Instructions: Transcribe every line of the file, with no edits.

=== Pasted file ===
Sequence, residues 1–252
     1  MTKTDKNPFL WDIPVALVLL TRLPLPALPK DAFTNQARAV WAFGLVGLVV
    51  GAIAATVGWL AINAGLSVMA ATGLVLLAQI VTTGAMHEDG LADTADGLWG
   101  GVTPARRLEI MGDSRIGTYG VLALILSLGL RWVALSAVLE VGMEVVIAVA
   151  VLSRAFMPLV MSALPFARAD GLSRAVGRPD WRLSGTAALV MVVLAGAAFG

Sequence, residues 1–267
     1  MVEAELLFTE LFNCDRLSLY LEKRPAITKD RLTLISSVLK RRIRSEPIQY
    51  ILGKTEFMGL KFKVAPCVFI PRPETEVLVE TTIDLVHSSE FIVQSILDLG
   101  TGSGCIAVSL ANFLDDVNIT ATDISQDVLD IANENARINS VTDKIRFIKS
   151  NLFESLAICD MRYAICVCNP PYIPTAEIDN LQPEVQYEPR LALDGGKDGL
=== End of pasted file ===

Sequence, residues 1–252
     1  MTKTDKNPFL WDIPVALVLL TRLPLPALPK DAFTNQARAV WAFGLVGLVV
    51  GAIAATVGWL AINAGLSVMA ATGLVLLAQI VTTGAMHEDG LADTADGLWG
   101  GVTPARRLEI MGDSRIGTYG VLALILSLGL RWVALSAVLE VGMEVVIAVA
   151  VLSRAFMPLV MSALPFARAD GLSRAVGRPD WRLSGTAALV MVVLAGAAFG

Sequence, residues 1–267
     1  MVEAELLFTE LFNCDRLSLY LEKRPAITKD RLTLISSVLK RRIRSEPIQY
    51  ILGKTEFMGL KFKVAPCVFI PRPETEVLVE TTIDLVHSSE FIVQSILDLG
   101  TGSGCIAVSL ANFLDDVNIT ATDISQDVLD IANENARINS VTDKIRFIKS
   151  NLFESLAICD MRYAICVCNP PYIPTAEIDN LQPEVQYEPR LALDGGKDGL